One of the most important things you need to provide for a fabulous portrait to be painted of your dog, is a quality photograph. Black or dark coloured dogs, are probably the most difficult to photograph. If the conditions aren’t right, your black or dark coloured dog will often look like a dark mass, with no real definition to their features, despite being an absolutely gorgeous dog. I am not a photographer, but I do rely on quality photographs to paint dog portraits from. I have searched widely for good practical advice for the novice photographer. One website I have found that seems to tick all the boxes for sound practical advice and photographs to demonstrate that advice, is ‘Brighton Dog Photography’ in the UK. Their website is http://brightondogphotography.co.uk/how-to-photograph-black-dogs/. It is well worth having a look at their website. The photography is beautiful.
However, for your convenience here are the main tips from Brighton Dog Photography:
Contrary to what you might expect, bright overhead sunlight isn’t great for black dogs. In very bright light your camera will be working too hard. There’ll be a battle between two extremes – the black of your dog and the white light of the sun. Your photograph will always end up on the losing side.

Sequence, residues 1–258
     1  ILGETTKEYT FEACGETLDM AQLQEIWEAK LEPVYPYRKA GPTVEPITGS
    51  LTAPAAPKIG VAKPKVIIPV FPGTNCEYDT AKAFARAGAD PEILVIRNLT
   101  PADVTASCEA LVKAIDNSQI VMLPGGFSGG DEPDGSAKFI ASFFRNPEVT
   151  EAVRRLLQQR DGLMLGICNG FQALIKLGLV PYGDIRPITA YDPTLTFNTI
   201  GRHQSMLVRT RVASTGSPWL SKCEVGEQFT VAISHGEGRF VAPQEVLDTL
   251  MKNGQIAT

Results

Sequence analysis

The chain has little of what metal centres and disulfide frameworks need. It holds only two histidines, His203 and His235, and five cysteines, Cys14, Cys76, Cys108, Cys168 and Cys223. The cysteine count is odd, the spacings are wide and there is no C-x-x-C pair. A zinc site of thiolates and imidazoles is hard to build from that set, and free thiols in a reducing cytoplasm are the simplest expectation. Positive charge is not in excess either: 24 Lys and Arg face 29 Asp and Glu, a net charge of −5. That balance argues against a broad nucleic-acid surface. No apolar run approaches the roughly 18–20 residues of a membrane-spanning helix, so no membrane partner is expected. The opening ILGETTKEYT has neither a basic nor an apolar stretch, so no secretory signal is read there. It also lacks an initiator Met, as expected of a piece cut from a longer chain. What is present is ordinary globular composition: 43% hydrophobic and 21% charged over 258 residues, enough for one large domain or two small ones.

If you do find yourself with the sun directly overhead, bring your dog to a shaded area and take the photo there. It’s important that your chosen location is evenly shaded with a soft light covering the whole area. For example, if you take the photo under a tree, make sure that the background isn’t brightly lit.
Try and take the photo on a cloudy day. The light will be softer and your subject will be evenly lit.
Choose the right time of day
When you’re photographing your black dog in direct sunlight, there are two ideal times of day: early morning or early evening. Generally speaking, the “golden hour” is 1 hour after sunrise or 1 hour before sunset.
The right background colour is especially important when you’re taking a photo of a black dog. Ideally, you’re looking for good contrast colours that complement black. Middle-spectrum colours work particularly well – reds, yellows, greens and blues.
As we all know, the eyes are the window to the soul. But even at the best of times, it can be hard to see a dog’s eyes, especially if they’re covered in fur. The best way to deal with this is to use water. You don’t have to take them swimming or dunk them in the bath, just use a wet flannel to wipe around the eyes. Another tip is to take the picture from above. Because your dog is looking up at you, the fur falls back from the face.